Tute Genomics said today it has acquired the human-genome interpretation company Knome for an undisclosed price.
Co-founded by George Church, Ph.D., Knome provides human genome interpretation systems and services designed to help researchers, drug developers, and clinicians determine the genetic basis of human disease and drug response.
Knome says its big-data technologies are intended to advance precision medicine by speeding up and industrializing the process of interpreting whole genomes. Most famously, Knome provided genome sequencing and interpretation to Ozzy Osbourne and other high profile early adopters.
Knome's most valuable technology is knoSYS, a best-in-class genome interpretation software platform now in its third generation of development, having originally been conceived as genome analysis software for single human genomes nearly a decade ago.
Tute said it will integrate knoSYS into its cloud-based genome informatics and clinical reporting platform, strengthening its ability to deliver a comprehensive, flexible, scalable, and secure informatics solution for genome-guided medicine.
Tute uses sample-in, report-out technology designed to enable users to process raw sequencing data, perform rigorous quality control measures, annotate genetic variants with more than 200 genetic knowledge sources, and seamlessly create clinical reports. The solution is designed to help diagnostic labs and health systems process next-generation sequencing data quickly and securely.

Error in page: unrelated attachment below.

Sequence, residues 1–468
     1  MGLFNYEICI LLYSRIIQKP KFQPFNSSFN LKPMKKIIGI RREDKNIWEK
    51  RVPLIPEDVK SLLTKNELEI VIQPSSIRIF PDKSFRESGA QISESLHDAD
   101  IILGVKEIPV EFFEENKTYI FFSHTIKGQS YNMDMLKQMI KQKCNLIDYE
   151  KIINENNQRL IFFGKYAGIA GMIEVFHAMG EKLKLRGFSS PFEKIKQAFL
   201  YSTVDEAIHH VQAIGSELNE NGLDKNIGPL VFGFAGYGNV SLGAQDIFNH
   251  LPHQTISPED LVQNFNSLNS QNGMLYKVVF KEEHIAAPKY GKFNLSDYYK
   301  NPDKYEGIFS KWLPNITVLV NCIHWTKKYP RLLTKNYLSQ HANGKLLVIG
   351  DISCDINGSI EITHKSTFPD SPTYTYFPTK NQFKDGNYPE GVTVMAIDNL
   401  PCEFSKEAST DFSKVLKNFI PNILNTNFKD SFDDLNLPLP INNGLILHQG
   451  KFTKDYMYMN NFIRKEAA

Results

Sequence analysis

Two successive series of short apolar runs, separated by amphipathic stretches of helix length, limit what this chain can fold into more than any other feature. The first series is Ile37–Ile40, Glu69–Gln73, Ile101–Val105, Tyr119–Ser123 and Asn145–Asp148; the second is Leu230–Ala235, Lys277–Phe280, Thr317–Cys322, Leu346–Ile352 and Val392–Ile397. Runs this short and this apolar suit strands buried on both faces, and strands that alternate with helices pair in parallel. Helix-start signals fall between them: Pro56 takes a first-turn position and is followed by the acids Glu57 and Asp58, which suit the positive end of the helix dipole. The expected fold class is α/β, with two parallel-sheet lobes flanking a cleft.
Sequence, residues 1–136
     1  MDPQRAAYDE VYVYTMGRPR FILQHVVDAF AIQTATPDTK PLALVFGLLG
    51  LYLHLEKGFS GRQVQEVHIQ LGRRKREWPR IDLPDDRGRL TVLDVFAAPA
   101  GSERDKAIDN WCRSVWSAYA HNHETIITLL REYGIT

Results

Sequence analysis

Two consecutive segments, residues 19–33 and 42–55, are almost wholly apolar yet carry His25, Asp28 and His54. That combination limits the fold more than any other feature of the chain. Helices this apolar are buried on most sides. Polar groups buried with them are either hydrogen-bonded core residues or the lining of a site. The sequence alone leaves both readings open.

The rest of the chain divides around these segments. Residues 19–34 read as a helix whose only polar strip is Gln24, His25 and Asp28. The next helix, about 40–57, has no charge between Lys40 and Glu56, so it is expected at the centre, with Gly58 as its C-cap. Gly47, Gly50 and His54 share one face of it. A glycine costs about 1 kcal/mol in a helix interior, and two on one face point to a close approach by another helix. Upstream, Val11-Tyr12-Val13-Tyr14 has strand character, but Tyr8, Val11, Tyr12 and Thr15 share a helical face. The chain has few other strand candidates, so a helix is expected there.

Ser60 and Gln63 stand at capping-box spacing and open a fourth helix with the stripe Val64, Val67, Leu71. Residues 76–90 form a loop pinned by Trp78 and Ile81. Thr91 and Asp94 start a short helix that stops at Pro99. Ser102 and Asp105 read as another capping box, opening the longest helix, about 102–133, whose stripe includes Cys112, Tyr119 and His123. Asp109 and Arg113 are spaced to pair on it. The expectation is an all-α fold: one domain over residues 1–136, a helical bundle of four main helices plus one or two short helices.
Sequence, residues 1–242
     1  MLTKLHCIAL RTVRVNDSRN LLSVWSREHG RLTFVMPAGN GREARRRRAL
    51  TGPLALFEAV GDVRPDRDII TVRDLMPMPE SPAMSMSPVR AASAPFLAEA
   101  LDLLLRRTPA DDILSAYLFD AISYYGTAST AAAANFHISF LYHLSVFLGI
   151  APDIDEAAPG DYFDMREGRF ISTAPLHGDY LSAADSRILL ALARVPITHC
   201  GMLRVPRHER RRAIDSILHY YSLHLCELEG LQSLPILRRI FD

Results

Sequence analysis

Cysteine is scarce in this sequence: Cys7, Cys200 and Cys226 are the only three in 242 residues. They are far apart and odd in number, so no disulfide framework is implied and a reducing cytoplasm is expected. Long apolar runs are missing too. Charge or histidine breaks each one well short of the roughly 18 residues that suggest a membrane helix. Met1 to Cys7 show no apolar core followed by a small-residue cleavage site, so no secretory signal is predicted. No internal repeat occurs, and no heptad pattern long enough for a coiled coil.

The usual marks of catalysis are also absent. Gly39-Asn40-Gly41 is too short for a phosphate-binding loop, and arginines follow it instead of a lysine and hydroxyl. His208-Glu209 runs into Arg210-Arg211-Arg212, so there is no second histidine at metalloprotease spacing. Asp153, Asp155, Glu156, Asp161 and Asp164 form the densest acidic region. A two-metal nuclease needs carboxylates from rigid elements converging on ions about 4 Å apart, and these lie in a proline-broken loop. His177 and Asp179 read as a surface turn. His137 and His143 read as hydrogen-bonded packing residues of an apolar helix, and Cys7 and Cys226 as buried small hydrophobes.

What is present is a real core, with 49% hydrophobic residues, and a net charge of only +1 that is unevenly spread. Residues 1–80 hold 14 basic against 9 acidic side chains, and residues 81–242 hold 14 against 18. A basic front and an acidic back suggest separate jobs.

Technology from Tute has also been integrated with third party tools such as Laboratory Information Management System (LIMS) for scalable sample information management, and electronic health record systems, to bring genetic insights to point-of-care and help guide every medical decisions throughout a patient's life.
“Knome's software is a testament to the extraordinary foresight and ingenuity of its scientists and engineers, as well as the remarkable amount of financial support the company has achieved over the years,” Tute Genomics CEO Reid Robison, M.D., MBA, said in a statement.
“The result is a wealth of technology assets that are well-poised to tackle the bioinformatics challenges faced by healthcare, such as rapidly processing raw genome sequencing data, performing clinical interpretation of the data and generating actionable clinical reports,” Dr. Robison added.
Knome said last year it had closed on a $13 million financing round led by current investors, saying it would use proceeds to promote growth and expansion of its genomic services and software systems businesses.
Tute closed in June on series A1 financing of more than $3.9 million from a group of investors that included Intermountain Healthcare, an integrated network of 22 hospitals and 185 physician clinics. Other major investors included Healthbox, a platform for innovation and entrepreneurship in healthcare, and China-based Internet company Tencent.